Performance evaluations critical to NSPS pay increases
YONGSAN GARRISON, Republic of Korea - U.S. Army Garrison-Yongsan Logistics Director Lydia Grohmann explains how to write a self-assessment during the pay panel's feedback June 5 from a mock pay pool held in May. Grohmann is one of seven garrison officials on the USAG-Yongsan pay pool.

<b>YONGSAN GARRISON, Republic of Korea</b> - A strong performance evaluation is the key factor to earning salary increases and bonuses for employees in the National Security Personnel System, according to the results of the U.S. Army Garrison-Yongsan's first mock pay pool panel process.

"The performance appraisal is the single most important opportunity to show us what you've done," said panel member Ron Outten, acting director of USAG-Yongsan Resource Management. "It must address your contributions and achievements and the impact on the garrison mission."

NSPS is designed to replace the Department of Defense's civil service system to promote a culture of performance. Pay increases are based solely on an employee's level of performance.

Panel members presented their feedback June 5 from a mock pay pool they held in May. This practice pool was a critical session for the panel to become familiar with the process and vote as they would during an actual pay pool.

The first real pay pool will come in November, with payouts occurring in January.

The seven panel members were sequestered for four days to evaluate and rate 38 employee records, which includes performance objectives, employee self-assessment and supervisor appraisal.

The panel recommends to the pay pool manager, Deputy Garrison Commander Don Moses, how much salary increase and bonus will be paid to employees.

"We wanted to make sure we did it right," said panel member David McNally, USAG-Yongsan's public affairs officer. "We thoroughly looked at each employee's record and had good discussions to make sure that we were doing the right thing."

All panel members emphasized how important the performance evaluation is to earning salary increases or bonuses.

"The write-up is the key to the whole thing," said Lynn Irlmeier, who also works in Resource Management. "It must paint a clear picture of what you did and must be measureable and quantifiable in accordance with Department of Defense NSPS benchmarks."

This means increased communication and feedback between employees and supervisors, which is also a goal of NSPS.

"Employees are now held accountable for their performance, and supervisors will be held accountable to administer the performance system," said Carrie Wiggins, the NSPS trainer at the Seoul Civilian Personnel Advisory Center who advised the pay panel. "The increase in communication means improved mentoring, training and development for all employees."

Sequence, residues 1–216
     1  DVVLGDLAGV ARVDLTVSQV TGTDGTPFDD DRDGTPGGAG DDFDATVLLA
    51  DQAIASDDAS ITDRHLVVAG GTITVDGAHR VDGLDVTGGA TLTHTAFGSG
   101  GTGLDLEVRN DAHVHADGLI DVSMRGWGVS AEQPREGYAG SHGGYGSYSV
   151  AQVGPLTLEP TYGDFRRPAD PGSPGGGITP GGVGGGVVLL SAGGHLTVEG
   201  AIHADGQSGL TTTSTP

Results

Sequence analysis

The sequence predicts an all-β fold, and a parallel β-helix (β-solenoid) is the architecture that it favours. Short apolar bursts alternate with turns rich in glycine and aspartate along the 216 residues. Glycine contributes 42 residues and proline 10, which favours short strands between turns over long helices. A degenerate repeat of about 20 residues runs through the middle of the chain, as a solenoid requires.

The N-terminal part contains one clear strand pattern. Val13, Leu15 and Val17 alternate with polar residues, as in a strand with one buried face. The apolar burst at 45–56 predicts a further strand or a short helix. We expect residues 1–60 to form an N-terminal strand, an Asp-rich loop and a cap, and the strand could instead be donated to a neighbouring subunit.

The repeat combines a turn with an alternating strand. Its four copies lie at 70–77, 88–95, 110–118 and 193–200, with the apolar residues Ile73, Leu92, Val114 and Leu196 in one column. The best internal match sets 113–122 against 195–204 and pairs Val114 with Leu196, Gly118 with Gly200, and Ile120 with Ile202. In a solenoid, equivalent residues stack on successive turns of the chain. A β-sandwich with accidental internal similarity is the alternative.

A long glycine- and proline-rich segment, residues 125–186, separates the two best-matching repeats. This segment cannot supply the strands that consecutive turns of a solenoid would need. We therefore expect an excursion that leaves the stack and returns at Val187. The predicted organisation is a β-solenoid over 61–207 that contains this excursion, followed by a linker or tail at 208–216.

The panel's feedback pointed to effective writing techniques and providing quality evidence of accomplishments and contributions to the organization's mission.

"Supervisors need to work with employees and help them make sure they meet their performance objectives as well as identifying with the paradigm shift of contributing factors that measure an employee's work behaviors. It's not just what you do anymore; it's also how you do it, how you critically think, how you communicate, your customer focus, and other areas," Wiggins said.

The panel also discussed how salary increases and bonuses are paid out based on rating level achieved.

Under NSPS, an employee must perform at "Valued Performance" Level 3 or higher to earn a bonus or a base salary increase.

"Level 3 is exceptional under the civil service system," Wiggins said. "Across DOD, the trend during the last two years of ratings has been right around Level 3."

A Level 3 rating will earn an employee one or two shares of pay. The higher the rating, the more shares paid out. The pay panel determines how it's divided between an increase to base salary and a bonus.

Wiggins said in 2007 the average salary increase and bonus money paid out to NSPS employees throughout DOD was approximately 7.6 percent, which was a combination of salary increases and bonuses. By comparison, the average salary increase for GS employees was 2.5 percent.

"Depending on where you are in the band, if you're on the low end, the panel might give you a larger salary increase than bonus," Wiggins explained. "Someone who's high in the band may get more of a bonus since they can't exceed the band's maximum."

USAG-Yongsan Commander Col. Dave Hall said it's critical supervisors work with employees to mentor them and help them ensure they meet their performance objectives.

"This was a trial run and this feedback is great," Hall said. "This is pay for performance. Supervisors and employees will be held accountable for communication and feedback to achieve the expected results. The increased communication will improve mentoring, training and development opportunities for all employees.""

Page last updated Tue June 10th, 2008 at 20:54